Political prisoners Atena Daemi and Golrokh Ebrahimi Iraee were beaten by agents of the Islamic Revolutionary Guards Corps (IRGC) in Tehran’s Evin Prison and transferred to Gharchak Prison in the city of Varamin, 37 miles south of the capital.
“Atena called us this morning [January 25] and told us what happened,” Daemi’s mother, Masoumeh Nemati, told the Center for Human Rights in Iran (CHRI). “She said that at 6:30 in the afternoon on January 24, agents came to theWomen’s Ward and told her and Golrokh that they need to come with them to the prison’s office in connection with new charges.”
“But the two of them were instead taken to Ward 2-A controlled by the Revolutionary Guards and one of the female guards tried to beat them, but she was stopped by other agents who said they did not want to beat Atena. But then five agents came and attacked my daughter and Golrokh and beat them up. Then at 9:30 at night they were taken to Gharchak Prison.”
According to Nemati, Daemi and Iraee had been ordered to appear at Branch 4 of the Revolutionary Court in Evin Prison in early January 2018 for allegedly insulting Supreme Leader Ali Khamenei and reciting a political poem in prison. But the two refused, stating they had not been summoned in writing—the proper legal procedure.
In a letter to Asma Jahangir, the UN special rapporteur for the human rights situation in Iran, Nemati detailed the physical abuse and unannounced transfer of her daughter.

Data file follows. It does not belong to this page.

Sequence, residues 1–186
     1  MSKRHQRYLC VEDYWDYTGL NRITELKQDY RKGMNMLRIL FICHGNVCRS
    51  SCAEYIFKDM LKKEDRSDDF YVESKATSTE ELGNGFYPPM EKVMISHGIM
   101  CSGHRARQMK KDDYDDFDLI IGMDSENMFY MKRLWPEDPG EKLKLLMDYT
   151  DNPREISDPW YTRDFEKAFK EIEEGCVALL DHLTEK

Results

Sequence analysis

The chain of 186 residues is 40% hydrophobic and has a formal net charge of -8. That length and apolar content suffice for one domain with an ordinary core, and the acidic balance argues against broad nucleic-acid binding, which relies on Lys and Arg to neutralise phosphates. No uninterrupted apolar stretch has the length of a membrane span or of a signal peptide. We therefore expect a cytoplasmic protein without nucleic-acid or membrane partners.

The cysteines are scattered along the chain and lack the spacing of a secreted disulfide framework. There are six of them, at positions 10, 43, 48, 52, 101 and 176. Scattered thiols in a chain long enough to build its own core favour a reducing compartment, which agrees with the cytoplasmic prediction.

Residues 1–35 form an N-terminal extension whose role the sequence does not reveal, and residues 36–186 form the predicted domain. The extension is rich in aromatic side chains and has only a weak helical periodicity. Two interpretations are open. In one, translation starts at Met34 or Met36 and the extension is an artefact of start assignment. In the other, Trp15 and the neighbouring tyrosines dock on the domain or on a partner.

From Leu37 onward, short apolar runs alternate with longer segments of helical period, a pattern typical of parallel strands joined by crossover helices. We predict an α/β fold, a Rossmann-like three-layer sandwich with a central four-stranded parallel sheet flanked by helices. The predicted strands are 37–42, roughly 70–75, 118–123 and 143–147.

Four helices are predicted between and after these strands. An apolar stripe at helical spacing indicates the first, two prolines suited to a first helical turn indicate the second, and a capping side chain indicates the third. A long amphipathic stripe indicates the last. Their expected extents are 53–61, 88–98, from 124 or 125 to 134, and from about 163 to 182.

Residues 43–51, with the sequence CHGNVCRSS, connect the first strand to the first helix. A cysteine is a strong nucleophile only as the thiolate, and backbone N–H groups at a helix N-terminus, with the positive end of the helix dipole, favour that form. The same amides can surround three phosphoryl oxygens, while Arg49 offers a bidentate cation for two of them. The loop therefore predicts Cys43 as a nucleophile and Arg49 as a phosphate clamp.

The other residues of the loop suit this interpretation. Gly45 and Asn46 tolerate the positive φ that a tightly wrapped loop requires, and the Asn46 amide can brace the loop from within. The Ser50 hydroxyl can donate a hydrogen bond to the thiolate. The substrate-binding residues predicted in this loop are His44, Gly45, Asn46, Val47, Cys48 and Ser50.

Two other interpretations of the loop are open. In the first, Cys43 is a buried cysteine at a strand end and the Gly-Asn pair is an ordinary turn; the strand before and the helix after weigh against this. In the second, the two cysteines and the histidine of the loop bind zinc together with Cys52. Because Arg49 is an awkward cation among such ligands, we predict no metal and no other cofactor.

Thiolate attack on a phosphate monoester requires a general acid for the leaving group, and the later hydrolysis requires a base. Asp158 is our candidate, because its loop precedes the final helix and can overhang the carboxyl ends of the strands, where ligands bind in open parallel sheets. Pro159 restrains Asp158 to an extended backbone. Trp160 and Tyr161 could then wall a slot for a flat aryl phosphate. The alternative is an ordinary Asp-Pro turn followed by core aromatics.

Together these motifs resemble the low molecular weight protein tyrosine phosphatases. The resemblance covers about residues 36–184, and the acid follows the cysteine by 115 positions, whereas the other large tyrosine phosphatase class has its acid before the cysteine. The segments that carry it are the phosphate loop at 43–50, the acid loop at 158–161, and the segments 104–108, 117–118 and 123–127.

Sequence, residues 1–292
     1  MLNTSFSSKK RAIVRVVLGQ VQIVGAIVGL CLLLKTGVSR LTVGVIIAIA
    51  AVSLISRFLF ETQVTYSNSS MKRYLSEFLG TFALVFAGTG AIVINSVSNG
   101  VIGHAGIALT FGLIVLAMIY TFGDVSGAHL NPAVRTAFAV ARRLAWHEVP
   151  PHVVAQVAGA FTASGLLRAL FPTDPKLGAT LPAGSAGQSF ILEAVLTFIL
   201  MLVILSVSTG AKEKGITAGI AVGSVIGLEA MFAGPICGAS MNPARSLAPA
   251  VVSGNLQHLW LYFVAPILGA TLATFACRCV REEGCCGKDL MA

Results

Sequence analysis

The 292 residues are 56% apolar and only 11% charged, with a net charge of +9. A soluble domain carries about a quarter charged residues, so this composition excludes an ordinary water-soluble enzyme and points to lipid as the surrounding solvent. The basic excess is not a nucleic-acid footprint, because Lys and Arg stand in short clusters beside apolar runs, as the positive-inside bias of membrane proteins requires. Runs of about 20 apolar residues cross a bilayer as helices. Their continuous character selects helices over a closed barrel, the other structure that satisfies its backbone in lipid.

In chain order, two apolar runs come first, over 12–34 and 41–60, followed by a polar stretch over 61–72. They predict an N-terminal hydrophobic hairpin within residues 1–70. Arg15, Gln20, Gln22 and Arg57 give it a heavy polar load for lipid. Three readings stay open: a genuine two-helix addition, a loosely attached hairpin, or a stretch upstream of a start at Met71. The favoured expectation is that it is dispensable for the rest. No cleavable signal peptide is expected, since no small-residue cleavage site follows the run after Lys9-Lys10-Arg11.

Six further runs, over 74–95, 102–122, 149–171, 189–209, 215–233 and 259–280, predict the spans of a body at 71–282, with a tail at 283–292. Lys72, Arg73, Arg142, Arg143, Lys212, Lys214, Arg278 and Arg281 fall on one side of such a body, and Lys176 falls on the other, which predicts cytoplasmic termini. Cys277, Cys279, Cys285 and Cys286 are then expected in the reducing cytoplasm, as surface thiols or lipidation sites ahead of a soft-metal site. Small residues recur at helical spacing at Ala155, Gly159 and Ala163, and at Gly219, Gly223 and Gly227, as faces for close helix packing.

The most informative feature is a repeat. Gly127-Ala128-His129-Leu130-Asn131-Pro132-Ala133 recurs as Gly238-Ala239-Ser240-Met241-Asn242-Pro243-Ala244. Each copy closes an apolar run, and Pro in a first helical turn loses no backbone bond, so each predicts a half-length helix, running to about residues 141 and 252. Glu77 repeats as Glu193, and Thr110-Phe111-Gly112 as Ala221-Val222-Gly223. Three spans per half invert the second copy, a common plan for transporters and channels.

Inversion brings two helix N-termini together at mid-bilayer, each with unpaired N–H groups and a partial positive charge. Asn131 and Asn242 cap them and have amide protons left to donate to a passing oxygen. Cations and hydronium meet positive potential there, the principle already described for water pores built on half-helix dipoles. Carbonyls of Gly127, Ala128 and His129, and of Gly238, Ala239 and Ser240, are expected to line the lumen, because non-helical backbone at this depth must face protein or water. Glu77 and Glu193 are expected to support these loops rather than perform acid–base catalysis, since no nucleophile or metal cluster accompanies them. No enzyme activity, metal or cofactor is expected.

“They have destroyed the best years of Atena’s youth by giving her a heavy sentence for the crimes of defending children and women’s rights as well as fighting against capital punishment,” wrote Nemati on January 25, 2018. “But for the Iranian judiciary, this is not enough. They also want to take away her and her family’s peace of mind every single day.”
Since November 2016 Daemi has been serving a seven-year prison sentence for the charges of meeting the families of political prisoners, criticizing the Islamic Republic of Iran on Facebook and condemning the 1988 mass executions of political prisoners in Iran.
Iraee, an accountant, began serving a six-year prison sentence in October 2016 for “insulting the sacred” and “propaganda against the state,” primarily for writing an unpublished story about stoning that was confiscated during a raid of her home by the Revolutionary Guards. The raid was initially organized against Iraee’s husband, civil rights activist Arash Sadeghi, who is serving a 19-year sentence.
On July 8, 2017, Daemi and Iraee wrote a joint letter describing Evin Prison after foreign ambassadors were given a staged tour of certain sections of the facility without visiting any political prisoners.
“Did they tell you about unsanitary conditions and women’s health? Or about the conditions inside the clinic where they prescribe wrong medications? Or about using sanctions and budget cuts as an excuse for the lack of disinfectants and cleaning material?” wrote the activists.
“Have they told you that for religious reasons, male prison doctors do not check female prisoners or give them injections and blood pressure tests? Have they told you there is not even one female nurse to carry out these tasks? Do you know how many hundreds or thousands of inmates suffer from kidney problems because of the prison’s unhealthy water?” asked the political prisoners.